Milosevic, Tudjman Tie The Knot

  • Share
  • Read Later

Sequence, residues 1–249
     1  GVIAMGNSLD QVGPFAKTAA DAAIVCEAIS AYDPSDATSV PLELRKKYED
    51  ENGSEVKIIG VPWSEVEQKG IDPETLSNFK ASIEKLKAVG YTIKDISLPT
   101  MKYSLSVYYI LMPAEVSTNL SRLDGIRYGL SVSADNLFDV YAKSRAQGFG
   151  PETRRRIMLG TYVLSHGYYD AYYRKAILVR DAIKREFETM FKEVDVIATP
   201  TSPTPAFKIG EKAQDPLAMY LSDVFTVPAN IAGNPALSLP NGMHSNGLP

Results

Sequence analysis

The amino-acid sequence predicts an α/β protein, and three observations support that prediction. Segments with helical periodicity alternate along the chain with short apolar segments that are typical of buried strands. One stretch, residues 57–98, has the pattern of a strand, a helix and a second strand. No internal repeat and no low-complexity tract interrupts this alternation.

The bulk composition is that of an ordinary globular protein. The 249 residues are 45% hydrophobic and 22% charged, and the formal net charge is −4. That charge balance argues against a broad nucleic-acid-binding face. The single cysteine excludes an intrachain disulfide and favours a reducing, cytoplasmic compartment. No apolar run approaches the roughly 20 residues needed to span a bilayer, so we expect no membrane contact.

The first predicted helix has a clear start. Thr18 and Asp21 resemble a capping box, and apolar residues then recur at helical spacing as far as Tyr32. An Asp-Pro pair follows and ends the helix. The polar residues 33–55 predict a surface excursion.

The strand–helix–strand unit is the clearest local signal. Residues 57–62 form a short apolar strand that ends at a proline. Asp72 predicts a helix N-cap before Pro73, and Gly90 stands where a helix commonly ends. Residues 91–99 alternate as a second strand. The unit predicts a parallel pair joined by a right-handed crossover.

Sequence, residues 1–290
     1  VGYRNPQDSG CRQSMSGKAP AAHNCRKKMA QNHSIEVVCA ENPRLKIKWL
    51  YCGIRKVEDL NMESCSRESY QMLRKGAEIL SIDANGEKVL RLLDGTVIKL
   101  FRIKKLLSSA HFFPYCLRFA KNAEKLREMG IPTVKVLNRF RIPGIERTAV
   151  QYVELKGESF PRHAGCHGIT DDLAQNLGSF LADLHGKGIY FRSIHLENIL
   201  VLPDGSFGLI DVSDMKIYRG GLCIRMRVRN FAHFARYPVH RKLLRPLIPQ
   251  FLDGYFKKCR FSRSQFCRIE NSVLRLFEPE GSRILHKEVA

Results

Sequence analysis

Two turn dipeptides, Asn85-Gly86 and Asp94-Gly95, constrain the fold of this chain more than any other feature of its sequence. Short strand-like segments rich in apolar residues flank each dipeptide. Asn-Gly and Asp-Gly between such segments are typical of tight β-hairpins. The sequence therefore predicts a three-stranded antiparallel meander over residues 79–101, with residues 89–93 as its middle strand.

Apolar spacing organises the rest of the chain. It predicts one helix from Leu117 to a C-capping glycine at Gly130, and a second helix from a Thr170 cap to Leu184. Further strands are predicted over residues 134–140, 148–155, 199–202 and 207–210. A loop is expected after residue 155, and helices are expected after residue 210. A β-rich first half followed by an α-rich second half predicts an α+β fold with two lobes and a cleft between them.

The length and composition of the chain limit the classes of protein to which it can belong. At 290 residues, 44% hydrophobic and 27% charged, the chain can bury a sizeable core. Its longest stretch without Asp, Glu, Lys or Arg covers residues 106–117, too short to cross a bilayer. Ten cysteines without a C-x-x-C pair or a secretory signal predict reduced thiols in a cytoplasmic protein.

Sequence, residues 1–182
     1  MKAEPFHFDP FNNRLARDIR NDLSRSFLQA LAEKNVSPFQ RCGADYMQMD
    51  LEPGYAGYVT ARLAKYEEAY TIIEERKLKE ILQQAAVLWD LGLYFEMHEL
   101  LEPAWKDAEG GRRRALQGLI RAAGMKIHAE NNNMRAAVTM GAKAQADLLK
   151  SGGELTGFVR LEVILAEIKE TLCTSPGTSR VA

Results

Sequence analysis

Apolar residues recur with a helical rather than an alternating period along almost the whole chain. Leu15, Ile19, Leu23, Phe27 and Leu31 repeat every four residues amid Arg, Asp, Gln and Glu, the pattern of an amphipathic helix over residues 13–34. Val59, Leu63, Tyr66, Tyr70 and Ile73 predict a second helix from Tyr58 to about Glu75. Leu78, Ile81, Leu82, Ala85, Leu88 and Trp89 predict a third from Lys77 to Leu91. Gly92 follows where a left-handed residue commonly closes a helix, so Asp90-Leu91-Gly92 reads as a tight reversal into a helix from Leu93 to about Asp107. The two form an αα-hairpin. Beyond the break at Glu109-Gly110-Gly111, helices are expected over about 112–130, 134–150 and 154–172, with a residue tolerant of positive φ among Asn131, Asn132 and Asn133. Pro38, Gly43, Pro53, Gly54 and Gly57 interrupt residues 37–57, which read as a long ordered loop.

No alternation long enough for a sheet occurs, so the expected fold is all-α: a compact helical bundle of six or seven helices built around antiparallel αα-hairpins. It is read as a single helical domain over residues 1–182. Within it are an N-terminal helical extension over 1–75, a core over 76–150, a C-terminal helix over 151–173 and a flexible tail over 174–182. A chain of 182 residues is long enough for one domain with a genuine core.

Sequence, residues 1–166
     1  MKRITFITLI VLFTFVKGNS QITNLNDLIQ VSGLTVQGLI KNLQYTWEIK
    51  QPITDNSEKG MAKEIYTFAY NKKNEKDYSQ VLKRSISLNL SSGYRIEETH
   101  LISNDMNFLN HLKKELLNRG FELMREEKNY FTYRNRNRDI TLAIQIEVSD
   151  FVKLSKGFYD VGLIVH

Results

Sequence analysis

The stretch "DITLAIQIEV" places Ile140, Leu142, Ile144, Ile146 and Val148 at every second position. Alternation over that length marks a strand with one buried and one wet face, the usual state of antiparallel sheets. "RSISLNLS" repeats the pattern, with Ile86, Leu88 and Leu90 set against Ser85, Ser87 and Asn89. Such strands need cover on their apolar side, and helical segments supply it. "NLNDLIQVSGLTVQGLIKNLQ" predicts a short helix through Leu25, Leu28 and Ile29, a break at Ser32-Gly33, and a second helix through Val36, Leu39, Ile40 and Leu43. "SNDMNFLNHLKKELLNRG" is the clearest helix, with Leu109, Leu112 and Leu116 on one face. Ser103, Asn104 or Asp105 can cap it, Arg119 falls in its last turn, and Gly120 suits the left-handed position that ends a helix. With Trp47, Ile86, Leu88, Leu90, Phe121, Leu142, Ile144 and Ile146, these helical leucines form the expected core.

ATHENS: The last time Serbian President Slobodan Milosevic and Croatian President Franjo Tudjman met alone, in 1991, many believe they discussed the division of Bosnia. This time, a more promising result: After a meeting Wednesday near Athens, they surprised the diplomatic community by announcing the establishment of diplomatic relations between Croatia and Serbia, which have been at war for most of this decade. "For the entire region, this is probably a good thing. The jury's still out for the federation of Bosnia and the unstable government there," says TIME's Central Europe bureau chief Massimo Calabresi. "Stronger ties between Serbia and Croatia are not likely to be good for the Bosnian Muslims." Greek Prime Minister Costas Simitis apparently played matchmaker, but Calabresi notes each man stands to gain from mutual recognition and the establishment of ties. "Both nations are in bad economic shape, so Milosevic sees the possibilities of greater trade with Croatia. Mending fences with Croatia also goes a long way toward assuring international investors that Serbia is no longer a pariah state. Tudjman gains another feather in his cap as father of his country." Tudjman said afterward: "We agreed on normalization of all issues and all open problems." That may mean some progress was made toward resolving border disputes between the two nations, as well as the future of Eastern Slavonia, a region of Croatia that resisted secession from Serbia-dominated Yugoslavia. Croatia only last year put down a rebellion by the local Serb population, and the conflict drove many Croatian Serbs into Serbia and Montenegro. Scot Woods